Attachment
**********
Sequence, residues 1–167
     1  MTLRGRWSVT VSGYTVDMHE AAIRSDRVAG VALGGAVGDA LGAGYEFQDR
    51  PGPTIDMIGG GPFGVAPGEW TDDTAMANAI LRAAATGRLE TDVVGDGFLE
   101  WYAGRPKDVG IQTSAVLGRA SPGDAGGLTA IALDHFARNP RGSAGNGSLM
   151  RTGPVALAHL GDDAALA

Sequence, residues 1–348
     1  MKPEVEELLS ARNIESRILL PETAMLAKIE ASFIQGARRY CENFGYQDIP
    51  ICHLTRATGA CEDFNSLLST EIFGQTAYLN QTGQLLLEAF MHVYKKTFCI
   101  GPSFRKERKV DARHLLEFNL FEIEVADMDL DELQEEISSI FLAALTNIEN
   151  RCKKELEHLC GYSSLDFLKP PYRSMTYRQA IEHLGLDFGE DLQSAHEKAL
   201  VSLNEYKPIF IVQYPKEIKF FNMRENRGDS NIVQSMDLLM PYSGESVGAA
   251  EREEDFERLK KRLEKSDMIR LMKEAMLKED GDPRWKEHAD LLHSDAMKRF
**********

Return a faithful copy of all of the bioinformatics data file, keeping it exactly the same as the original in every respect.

Sequence, residues 1–167
     1  MTLRGRWSVT VSGYTVDMHE AAIRSDRVAG VALGGAVGDA LGAGYEFQDR
    51  PGPTIDMIGG GPFGVAPGEW TDDTAMANAI LRAAATGRLE TDVVGDGFLE
   101  WYAGRPKDVG IQTSAVLGRA SPGDAGGLTA IALDHFARNP RGSAGNGSLM
   151  RTGPVALAHL GDDAALA

Sequence, residues 1–348
     1  MKPEVEELLS ARNIESRILL PETAMLAKIE ASFIQGARRY CENFGYQDIP
    51  ICHLTRATGA CEDFNSLLST EIFGQTAYLN QTGQLLLEAF MHVYKKTFCI
   101  GPSFRKERKV DARHLLEFNL FEIEVADMDL DELQEEISSI FLAALTNIEN
   151  RCKKELEHLC GYSSLDFLKP PYRSMTYRQA IEHLGLDFGE DLQSAHEKAL
   201  VSLNEYKPIF IVQYPKEIKF FNMRENRGDS NIVQSMDLLM PYSGESVGAA
   251  EREEDFERLK KRLEKSDMIR LMKEAMLKED GDPRWKEHAD LLHSDAMKRF